Crypsis is not meant to mean the mimicry of a particular approach or method in work, which in the case of Alice Nikitinová results in the convergence (or mingling) of abstraction and objectivity, while for Zhanna Kadyrova it is the material recoding of a specific object as an object-sculpture or painting-thing. For the authors the abstracting principle, which though never completely suppressing the relationship to the real, living and current world of the everyday, is at the same time their restrained mental self-portrait. The sensitivity of both artists (if we may speculate slightly) towards banal everydayness permeates consciousness, so that it is impossible to sacralize what was once naively uplifting wonder. The objects are no longer the former secretive comrades, but mass-produced, normalized goods which are always to hand. But the thing-goods always (maybe even much more intensively) actualize the absolute idea of each object; its abstract, formally and aesthetically rich, concept. Both of the authors have a similar relationship to the artistic language of the (Russian) avant-garde. This reference point serves as a kind of memento of unfulfilled utopian visions, and at the same time it allows them to express incredulity at the banality which goes beyond its practical use. The sober aesthetics of Zhanna Kadyrova and Alice Nikitinová, perhaps even due to their experience with the complex social and political situation in Ukraine, unpretentiously demonstrates the possibilities of art, which does not resign itself to a sensory experience. At the same time, it testifies to our constant fluctuation between the concrete character and its abstract sign, between an intimate and historical experience.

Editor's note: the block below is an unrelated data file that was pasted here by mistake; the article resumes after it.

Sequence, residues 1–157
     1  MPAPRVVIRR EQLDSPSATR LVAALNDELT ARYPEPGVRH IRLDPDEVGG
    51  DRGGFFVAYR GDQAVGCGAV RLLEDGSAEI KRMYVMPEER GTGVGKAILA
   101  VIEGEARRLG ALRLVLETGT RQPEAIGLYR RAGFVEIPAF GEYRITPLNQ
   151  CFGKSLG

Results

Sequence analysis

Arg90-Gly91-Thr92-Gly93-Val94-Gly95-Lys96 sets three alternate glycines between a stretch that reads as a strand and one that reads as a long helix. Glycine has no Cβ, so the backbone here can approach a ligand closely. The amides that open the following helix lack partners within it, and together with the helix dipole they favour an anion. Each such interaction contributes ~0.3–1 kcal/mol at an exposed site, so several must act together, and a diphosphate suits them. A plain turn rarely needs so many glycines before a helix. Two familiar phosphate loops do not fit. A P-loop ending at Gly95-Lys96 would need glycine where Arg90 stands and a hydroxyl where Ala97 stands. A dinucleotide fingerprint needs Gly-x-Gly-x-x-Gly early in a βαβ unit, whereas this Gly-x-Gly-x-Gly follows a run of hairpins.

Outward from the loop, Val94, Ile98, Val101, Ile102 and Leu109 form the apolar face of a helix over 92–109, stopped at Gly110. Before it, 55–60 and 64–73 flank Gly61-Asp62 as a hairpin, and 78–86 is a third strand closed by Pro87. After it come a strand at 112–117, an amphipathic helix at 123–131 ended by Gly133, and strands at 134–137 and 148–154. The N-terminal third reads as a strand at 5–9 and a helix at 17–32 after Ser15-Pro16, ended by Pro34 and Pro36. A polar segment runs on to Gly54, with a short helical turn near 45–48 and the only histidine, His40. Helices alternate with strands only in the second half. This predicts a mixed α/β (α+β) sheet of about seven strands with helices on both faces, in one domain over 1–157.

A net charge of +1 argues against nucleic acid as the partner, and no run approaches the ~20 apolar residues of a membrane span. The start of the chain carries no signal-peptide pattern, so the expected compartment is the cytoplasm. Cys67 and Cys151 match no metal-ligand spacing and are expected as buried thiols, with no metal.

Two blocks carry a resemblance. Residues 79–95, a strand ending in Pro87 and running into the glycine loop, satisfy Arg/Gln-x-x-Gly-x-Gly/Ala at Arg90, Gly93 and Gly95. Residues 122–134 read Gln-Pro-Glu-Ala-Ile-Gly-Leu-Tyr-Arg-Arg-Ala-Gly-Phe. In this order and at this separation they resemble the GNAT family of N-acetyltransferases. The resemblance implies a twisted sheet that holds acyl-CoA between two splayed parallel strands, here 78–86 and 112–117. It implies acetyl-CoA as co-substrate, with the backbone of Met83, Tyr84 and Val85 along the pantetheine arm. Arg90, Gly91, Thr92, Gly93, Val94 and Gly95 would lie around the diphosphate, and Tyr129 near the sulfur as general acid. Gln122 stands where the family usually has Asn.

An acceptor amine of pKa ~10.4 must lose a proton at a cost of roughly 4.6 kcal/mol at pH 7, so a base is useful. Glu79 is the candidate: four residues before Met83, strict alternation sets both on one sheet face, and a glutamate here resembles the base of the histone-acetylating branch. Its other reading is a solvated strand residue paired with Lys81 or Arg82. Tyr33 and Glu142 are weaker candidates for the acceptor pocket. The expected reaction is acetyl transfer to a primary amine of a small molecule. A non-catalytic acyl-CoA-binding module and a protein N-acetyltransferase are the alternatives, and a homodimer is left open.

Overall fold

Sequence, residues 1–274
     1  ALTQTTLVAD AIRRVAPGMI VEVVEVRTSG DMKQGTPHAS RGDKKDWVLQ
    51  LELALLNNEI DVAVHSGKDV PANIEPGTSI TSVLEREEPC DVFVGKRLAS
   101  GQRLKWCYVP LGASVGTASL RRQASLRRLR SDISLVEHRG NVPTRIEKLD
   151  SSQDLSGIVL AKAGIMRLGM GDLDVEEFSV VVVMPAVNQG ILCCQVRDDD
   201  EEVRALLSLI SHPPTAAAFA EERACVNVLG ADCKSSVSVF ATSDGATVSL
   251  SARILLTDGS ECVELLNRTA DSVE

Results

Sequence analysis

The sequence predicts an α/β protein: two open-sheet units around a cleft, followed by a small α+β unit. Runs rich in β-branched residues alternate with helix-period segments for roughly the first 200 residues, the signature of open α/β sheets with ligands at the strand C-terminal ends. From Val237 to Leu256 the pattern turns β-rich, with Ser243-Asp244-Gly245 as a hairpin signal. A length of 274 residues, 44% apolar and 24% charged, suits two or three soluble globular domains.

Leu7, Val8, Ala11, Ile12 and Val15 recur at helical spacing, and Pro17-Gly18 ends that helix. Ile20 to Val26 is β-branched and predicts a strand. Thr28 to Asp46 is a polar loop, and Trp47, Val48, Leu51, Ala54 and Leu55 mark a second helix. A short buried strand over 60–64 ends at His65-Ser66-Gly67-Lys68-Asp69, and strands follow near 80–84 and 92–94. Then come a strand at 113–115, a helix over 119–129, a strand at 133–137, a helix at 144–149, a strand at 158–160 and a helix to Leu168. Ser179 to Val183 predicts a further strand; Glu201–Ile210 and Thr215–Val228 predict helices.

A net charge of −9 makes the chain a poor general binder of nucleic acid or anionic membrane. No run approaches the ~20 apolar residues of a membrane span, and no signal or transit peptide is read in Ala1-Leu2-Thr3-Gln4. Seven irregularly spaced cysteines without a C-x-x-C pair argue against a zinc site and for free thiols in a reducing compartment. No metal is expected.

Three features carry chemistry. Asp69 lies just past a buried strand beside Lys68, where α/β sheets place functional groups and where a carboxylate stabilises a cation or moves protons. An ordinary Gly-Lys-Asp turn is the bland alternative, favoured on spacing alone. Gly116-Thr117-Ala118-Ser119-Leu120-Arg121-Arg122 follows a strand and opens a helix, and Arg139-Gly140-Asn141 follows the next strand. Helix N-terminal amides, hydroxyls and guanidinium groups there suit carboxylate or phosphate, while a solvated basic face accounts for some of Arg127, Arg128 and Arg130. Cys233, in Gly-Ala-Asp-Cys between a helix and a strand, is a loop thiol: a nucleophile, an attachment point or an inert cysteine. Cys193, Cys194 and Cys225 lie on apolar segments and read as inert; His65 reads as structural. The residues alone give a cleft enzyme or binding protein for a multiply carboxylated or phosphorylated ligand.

Marek Pokorný

Zhanna Kadyrova (*1981; Brovary, Ukraine) graduated from the department of sculpture at the Taras Shevchenko State Art School. She is one of the best-known Ukrainian artists of the younger generation and has had solo exhibitions in many countries including Austria, the USA, Italy,Poland and Brazil. In 2013 she won the PinchukArtCentre Award, a prize for Ukrainian artists up to the age of 35, and a year later she received a Special Prize from the Future Generation Art Prize, which is an international variant of the prize awarded by the same institution (the jury includes the likes of Francesco Bonami, Doris Salcedo, Jan Fabre and the curator of Documenta 13, Adam Szymczyk). She collaborates with Galleria Continua, which operates internationally.

Alice Nikitinová (*1979; Žatec, Czech Republic) studied at an art-specialized secondary school in Kiev from 1994 to 1998, and between 1998 and 2004 she continued her studies in painting with Professor Jiří Sopko at Prague’s Academy of Fine Arts. In 2010 she was nominated for the Jindřich Chalupecký Award. She has exhibited not only in the Czech Republic (SVIT gallery, Jelení Gallery, GAVU Cheb etc.), but also abroad (e.g. Zurich,Vienna, Bratislava, Amsterdam). She has already had a joint exhibition with Zhanna Kadyrova, at Prague’s NoD gallery in 2007.